Paul Finebaum lambasts 'SEC on CBS' as tiresome as it loses relevance
Much has been made this season about the “SEC on CBS” and its lineup of games, beginning with Notre Dame at Georgia in primetime. But the marquee afternoon broadcast in the SEC drew criticism from SEC Network host Paul Finebaum during an interview on Monday.
“I have to say the CBS approach to the game is getting tiresome,” Finebaum said during his weekly segment on “The Roundtable” on Birmingham-based JOX 94.5 radio station. “There’s no comparison to that primetime game on Saturday night, then you flip over and watch the Alabama-Texas A&M game. I still forget that Verne Lundquist is not doing the games. Brad Nessler is a very professional broadcaster, but he doesn’t distinguish himself like Verne did, or Keith Jackson did. Gary (Danielson), what can you say about Gary that hasn’t already been said by 1,000 of your callers. (ESPN’s Chris) Fowler has grown into the preeminent voice in college football and Kirk Herbstreit’s been that way for a long time.”
The issue came up after a Saturday in which Finebaum said the CBS game of Alabama at Texas A&M wasn’t even the second best game of the day. South Carolina’s upset of Georgia, which was a noon Eastern kickoff, came in behind the primetime Florida-LSU in his mind.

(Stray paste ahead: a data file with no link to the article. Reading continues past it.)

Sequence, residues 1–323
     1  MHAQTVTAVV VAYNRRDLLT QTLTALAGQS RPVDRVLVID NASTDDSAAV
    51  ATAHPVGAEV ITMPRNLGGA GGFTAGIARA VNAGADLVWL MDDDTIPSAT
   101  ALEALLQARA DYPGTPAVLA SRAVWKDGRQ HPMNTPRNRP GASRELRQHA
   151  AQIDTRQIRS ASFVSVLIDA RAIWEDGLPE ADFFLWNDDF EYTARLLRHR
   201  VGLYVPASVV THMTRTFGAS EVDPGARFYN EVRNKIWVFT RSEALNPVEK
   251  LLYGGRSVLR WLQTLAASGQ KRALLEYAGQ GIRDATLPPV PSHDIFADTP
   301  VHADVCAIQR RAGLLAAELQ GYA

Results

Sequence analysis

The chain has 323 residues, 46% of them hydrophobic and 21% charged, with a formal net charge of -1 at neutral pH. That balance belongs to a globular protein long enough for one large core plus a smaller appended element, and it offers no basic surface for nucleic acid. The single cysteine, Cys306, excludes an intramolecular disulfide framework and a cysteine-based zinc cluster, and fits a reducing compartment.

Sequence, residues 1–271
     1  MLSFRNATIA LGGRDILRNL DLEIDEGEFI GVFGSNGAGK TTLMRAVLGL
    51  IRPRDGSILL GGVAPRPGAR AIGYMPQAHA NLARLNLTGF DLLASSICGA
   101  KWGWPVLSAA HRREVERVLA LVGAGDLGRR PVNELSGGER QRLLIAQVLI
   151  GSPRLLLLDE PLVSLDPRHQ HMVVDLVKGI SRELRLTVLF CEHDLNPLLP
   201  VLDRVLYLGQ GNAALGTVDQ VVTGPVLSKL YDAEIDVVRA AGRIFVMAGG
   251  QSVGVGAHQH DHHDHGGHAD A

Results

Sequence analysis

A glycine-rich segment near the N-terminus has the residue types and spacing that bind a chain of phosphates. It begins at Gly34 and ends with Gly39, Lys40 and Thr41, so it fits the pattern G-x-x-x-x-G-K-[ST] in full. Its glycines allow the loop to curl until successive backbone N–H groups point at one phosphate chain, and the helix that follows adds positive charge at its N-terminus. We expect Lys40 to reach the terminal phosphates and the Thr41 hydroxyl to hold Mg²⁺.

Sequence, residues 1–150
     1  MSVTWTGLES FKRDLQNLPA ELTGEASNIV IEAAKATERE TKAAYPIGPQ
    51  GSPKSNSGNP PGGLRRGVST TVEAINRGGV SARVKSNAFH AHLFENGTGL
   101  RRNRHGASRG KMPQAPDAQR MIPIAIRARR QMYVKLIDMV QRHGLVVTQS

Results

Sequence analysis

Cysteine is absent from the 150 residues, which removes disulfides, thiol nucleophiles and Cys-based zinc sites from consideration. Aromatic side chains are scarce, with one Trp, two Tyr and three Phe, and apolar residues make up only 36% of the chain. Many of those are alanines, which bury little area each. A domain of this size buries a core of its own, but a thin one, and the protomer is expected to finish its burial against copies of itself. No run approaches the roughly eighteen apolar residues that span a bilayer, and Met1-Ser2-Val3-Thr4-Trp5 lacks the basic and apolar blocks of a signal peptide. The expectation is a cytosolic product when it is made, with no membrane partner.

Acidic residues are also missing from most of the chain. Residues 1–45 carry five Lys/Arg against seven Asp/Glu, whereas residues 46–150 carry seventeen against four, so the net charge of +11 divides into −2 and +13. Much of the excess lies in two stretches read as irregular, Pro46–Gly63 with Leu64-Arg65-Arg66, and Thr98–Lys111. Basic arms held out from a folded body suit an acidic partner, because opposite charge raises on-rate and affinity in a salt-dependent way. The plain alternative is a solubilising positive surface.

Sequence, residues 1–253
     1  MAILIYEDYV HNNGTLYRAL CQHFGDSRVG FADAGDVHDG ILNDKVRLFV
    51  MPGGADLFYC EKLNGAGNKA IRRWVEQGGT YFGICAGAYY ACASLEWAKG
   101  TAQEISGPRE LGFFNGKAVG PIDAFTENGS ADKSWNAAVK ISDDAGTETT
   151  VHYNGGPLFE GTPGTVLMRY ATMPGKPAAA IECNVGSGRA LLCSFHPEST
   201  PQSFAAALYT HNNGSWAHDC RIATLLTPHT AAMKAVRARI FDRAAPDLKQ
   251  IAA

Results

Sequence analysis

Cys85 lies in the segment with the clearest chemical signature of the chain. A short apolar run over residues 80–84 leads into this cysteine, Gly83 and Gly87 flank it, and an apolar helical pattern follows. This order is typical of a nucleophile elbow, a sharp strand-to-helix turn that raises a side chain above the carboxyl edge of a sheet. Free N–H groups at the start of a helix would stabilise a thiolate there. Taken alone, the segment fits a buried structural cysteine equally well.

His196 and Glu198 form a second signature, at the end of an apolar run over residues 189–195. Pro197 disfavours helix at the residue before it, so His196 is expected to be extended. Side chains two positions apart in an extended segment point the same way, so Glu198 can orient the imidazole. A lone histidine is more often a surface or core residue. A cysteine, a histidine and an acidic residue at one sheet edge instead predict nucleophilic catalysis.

Finebaum also said the choice of Notre Dame-Georgia in primetime was a mistake, given how the season has played out.
“How stupid does that look now,” he said.
The Nov. 9 LSU-Alabama game would have been a better primetime choice, he said, as he pointed to the narrative that this is the best LSU team in recent memory with the chance to beat Alabama.
“This LSU team is different. They’re the most exciting LSU team I can ever remember,” Finebaum said. “You make your chops in this business by making the right call, and CBS blew it. They’re sitting there right now with the game of the year, one of the biggest games in the 10 years, and they could have had it in primetime as the biggest game of the college football season and it’s literally buried at 2:30 (Central Time) in the afternoon with 4,000 other games on.”